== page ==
It should have been the perfect environment for this music: a high ceilinged, resonant chamber with plenty of natural light filtering in, a few chairs for the audience, and some pretty paintings hanging on the walls. But the performance was endlessly marred by the attitude of the museum-goers who weren't listening to the concert. People, mostly middle-aged and older, strode around the gallery where the concert took place, looking at paintings, fingers stuffed theatrically in their ears, even deliberately crossing the space between the audience and the performers, staring us down with defiant, fuck-you expressions on their faces, as if to challenge our willingness to sit there listening to this horrible music, saying "we paid to get into this exhibit and see these paintings, and we're not going to acknowledge that there's any kind of performance going on, so deal with it." They'd leave the room and immediately begin having loud conversations just outside the open doorway. It made it impossible to focus on those slowly-evolving, iridescent patterns, which was the entire point of the piece.
I'm not one of those people who insists on absolute silence in concerts. I generally like quiet for performances, and hate when people fidget, rustle papers, or start clapping before the last note of a piece has finished ringing, but I'll willingly revise my expectations of quiet, depending on the occasion and setting. In a museum space with open exhibits, one can't expect or demand total silence, or require people to stay still. Two Gongs isn't going to be everyone's cup of tea, and one should expect and allow for walk-outs, as well as encourage people to walk in from adjacent rooms if they're interested. To their credit, the gallery did post warning signs about the extreme volume, and requesting a minimum of noise for the barely hour-long duration of the concert. But it truly was ridiculous to be part a group of people trying to have an experience, with another group of people who don't understand that experience doing their level best to keep us from enjoying it, for whatever reason. If I don't like a concert, and can get out without making a big scene, I'll do so. But to disrupt the proceedings for people who are clearly into it, because of some animus I might have against the music? Boorish, shameful, and antisocial in the extreme.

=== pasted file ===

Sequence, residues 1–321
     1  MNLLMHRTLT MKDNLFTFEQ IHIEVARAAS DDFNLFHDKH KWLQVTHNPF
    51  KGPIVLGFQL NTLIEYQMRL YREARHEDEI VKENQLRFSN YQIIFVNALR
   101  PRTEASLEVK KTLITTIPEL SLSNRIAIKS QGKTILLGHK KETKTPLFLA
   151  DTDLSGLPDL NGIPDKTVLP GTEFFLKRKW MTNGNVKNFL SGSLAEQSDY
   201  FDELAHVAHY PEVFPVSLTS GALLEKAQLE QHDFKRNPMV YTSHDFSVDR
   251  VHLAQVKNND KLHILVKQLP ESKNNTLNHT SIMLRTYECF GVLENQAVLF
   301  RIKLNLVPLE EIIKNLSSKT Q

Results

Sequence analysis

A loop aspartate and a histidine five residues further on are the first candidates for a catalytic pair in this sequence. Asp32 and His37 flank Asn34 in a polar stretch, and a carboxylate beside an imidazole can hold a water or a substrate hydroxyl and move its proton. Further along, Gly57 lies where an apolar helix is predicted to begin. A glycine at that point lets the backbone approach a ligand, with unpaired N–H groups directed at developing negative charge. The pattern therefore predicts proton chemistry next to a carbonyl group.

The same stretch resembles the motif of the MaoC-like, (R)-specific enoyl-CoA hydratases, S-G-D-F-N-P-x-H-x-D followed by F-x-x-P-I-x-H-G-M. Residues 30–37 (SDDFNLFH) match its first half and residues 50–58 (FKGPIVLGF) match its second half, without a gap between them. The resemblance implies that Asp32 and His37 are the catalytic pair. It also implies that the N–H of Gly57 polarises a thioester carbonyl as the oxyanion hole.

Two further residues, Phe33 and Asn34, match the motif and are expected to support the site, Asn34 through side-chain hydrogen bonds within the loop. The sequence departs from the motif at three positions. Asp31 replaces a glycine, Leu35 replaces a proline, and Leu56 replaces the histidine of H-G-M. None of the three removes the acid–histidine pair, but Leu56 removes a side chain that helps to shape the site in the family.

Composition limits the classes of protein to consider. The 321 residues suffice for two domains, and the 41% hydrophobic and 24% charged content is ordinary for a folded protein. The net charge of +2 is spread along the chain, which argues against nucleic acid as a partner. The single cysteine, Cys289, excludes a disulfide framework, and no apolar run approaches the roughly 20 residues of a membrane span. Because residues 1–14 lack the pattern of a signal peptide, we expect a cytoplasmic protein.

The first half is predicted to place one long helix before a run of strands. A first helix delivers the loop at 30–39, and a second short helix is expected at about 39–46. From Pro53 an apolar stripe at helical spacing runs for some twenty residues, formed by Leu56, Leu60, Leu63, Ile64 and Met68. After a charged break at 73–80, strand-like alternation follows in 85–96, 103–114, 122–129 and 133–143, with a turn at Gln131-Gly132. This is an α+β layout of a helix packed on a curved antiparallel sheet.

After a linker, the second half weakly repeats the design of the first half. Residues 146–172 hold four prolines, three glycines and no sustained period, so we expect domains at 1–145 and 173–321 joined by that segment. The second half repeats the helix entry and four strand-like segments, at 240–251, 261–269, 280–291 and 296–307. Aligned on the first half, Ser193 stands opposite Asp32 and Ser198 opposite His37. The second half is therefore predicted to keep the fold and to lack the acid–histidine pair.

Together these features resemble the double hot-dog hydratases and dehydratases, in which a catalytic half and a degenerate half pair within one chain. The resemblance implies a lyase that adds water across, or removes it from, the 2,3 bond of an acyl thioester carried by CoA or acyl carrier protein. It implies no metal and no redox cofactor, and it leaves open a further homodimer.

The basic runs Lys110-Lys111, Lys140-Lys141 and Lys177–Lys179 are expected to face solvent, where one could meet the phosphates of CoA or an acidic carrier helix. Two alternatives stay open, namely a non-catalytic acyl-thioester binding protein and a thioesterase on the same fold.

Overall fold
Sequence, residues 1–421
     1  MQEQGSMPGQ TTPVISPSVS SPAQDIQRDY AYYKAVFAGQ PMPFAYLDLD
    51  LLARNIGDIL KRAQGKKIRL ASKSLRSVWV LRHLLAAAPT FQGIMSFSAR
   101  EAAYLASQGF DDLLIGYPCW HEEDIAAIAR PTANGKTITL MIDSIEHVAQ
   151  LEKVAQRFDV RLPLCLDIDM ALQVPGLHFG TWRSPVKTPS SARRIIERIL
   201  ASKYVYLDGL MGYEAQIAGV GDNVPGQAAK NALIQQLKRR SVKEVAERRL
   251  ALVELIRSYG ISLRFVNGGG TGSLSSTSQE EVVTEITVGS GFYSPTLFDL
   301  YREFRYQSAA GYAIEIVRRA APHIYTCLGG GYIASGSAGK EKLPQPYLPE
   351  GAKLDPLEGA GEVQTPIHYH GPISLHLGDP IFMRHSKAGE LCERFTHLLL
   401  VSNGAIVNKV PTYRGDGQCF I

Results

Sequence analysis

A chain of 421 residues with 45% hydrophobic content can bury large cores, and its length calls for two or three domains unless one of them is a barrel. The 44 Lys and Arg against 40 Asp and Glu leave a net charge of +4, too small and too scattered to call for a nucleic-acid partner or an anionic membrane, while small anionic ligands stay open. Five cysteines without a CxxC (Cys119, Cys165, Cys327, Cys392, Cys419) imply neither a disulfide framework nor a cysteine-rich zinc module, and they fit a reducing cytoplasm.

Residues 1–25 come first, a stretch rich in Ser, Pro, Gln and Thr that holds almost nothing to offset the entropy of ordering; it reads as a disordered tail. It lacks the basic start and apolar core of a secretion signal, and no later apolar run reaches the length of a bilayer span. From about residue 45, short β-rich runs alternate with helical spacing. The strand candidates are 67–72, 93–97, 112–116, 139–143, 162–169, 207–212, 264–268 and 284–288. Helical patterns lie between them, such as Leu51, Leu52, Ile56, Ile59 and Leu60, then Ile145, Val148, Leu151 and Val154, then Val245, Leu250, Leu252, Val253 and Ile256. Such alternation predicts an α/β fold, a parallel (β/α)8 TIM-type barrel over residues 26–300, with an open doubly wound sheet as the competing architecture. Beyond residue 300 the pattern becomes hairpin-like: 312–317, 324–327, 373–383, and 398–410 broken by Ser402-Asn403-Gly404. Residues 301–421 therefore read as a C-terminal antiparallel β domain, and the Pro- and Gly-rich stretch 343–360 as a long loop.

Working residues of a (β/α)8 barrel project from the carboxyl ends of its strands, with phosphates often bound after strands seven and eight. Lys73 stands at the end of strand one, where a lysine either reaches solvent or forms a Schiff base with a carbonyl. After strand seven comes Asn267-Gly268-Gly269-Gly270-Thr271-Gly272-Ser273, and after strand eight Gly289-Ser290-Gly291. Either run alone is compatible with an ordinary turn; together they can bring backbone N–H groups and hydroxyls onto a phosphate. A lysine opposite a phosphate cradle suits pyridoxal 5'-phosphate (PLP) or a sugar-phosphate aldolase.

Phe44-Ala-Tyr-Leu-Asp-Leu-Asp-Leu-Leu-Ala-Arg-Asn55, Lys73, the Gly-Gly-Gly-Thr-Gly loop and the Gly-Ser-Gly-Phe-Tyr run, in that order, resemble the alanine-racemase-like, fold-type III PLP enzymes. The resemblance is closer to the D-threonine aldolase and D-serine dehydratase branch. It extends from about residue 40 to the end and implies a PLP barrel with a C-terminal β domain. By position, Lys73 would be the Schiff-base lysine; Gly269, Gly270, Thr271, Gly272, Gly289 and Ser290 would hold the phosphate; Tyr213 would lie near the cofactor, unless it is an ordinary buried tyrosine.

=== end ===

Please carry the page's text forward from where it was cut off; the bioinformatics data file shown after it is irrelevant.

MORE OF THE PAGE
Monday, March 3, 2008
"Ask an obvious question and you may hear "KVG," short for "Check it on Google, you idiot.""
Assuming I'm reading that acronym right, that's not quite what it means. The closest English equivalent I can think of would be "RTFM". But YMMV. IMHO.